To isolate further the cause of the error in the energetics, several forecasts with budget diagnostics were performed. The experiments showed complex interactions between the physics and dynamics and among the different physical processes. Particularly noteworthy are (a) the compensation between horizontal and vertical diffusion and (b) the balance among horizontal/vertical diffusion, the barotropic scale interaction, and the baroclinic conversion terms in the rotational kinetic energy equation. The results of this study guided the design and implementation of changes in the NMC model in the horizontal diffusion and the cumulus parameterization.

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Hideki Kanamaru and Masao Kanamitsu

Abstract

As an extreme demonstration of regional climate model capability, a dynamical downscaling of the NCEP–NCAR reanalysis was successfully performed over the Northern Hemisphere. Its success is due to the use of the scale-selective bias-correction scheme, which maintains the large-scale analysis of the driving global reanalysis in the interior of the domain where lateral boundary forcing has very little control. The downscaled analysis was found to produce reasonable regional details by comparison against 0.5° gridded analysis from the Climatic Research Unit of the University of East Anglia. Comparisons with smaller-area regional downscaling runs in India, Europe, and Japan using the same downscaling system showed that there is no degradation of quality in downscaled climate analysis by expanding the domain from a regional scale to a hemispherical scale.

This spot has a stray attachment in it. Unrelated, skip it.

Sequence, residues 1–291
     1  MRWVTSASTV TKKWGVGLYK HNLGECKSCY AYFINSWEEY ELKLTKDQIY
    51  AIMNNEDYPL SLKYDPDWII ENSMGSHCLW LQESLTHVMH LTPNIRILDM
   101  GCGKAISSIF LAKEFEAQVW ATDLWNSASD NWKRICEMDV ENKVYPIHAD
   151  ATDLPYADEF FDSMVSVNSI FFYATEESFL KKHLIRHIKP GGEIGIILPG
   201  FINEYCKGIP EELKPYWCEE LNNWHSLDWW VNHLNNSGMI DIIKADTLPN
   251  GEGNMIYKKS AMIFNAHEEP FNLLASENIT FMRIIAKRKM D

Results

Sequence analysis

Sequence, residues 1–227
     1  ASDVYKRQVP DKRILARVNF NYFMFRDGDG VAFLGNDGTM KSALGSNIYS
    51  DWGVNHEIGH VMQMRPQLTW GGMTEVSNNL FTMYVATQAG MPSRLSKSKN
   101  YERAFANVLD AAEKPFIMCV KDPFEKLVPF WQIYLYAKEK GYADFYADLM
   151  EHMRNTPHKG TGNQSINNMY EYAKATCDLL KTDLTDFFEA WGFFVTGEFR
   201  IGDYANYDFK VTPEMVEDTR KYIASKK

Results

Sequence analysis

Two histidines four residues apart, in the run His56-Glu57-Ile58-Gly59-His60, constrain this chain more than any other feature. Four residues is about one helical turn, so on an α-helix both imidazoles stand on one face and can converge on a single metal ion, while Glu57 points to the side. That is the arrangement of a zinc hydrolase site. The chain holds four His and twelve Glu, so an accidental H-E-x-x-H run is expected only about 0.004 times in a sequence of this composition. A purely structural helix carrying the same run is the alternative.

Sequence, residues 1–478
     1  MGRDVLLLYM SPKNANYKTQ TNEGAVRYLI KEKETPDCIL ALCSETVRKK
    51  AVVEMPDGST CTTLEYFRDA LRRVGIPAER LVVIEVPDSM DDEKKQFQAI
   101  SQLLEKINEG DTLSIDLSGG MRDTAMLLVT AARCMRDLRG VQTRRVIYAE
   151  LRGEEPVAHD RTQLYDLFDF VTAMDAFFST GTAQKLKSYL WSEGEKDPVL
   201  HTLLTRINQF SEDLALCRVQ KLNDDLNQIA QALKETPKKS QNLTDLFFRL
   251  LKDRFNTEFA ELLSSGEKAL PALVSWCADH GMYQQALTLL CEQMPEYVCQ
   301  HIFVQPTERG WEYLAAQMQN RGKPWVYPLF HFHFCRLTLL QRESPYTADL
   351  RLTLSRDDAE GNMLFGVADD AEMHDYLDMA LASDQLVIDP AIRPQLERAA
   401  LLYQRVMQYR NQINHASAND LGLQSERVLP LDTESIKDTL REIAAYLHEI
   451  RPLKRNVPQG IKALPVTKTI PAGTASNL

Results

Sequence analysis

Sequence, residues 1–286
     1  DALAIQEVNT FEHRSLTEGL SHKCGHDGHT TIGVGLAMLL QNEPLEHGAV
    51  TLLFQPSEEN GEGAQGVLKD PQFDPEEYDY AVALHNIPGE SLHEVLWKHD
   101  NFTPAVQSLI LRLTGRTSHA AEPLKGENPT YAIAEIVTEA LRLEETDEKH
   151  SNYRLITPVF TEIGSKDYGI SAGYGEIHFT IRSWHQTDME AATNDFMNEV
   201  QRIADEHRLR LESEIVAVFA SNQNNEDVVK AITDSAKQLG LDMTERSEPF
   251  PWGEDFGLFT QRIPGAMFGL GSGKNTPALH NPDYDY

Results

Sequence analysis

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Vasubandhu Misra and Masao Kanamitsu

Abstract

In this paper a methodology is proposed to downscale coarse-resolution atmospheric general circulation model (AGCM) seasonal simulations. Anomaly nesting involves replacing the climatology of the driving AGCM with observed (in this case the National Centers for Environmental Prediction reanalysis) climatology at the lateral boundaries of the nested regional climate model (the regional spectral model). In this study the methodology is tested over South America and the neighboring ocean basins. A comparison of the austral summer seasonal simulation with the conventional way of nesting, namely driving the regional model with full AGCM forcing, reveals that substantial gains in the deterministic skill are realized through anomaly nesting. It is also shown that the high-frequency variance (at 3–30- and 30–40-day time scales) is more realistic from the anomaly nesting procedure.

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Hideki Kanamaru and Masao Kanamitsu

Abstract

This study examines the mechanisms of nighttime minimum temperature warming in the California Central Valley during summer due to irrigation. The Scripps Experimental Climate Prediction Center (ECPC) Regional Spectral Model (RSM) was used to simulate climate under two land surface characteristics: potential natural vegetation and modern land use that includes irrigation and urbanization. In irrigated cropland, soil moisture was prescribed in three different ways: 1) field capacity, 2) half of field capacity, and 3) no addition of water. In the most realistic case of half-field capacity, the July daily minimum temperature in the California Central Valley increased by 3.5°C, in agreement with station observation trends over the past century in the same area. It was found that ground heat flux efficiently keeps the surface warm during nighttime due to increased thermal conductivity of wet soil.

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Tosiyuki Nakaegawa and Masao Kanamitsu

Abstract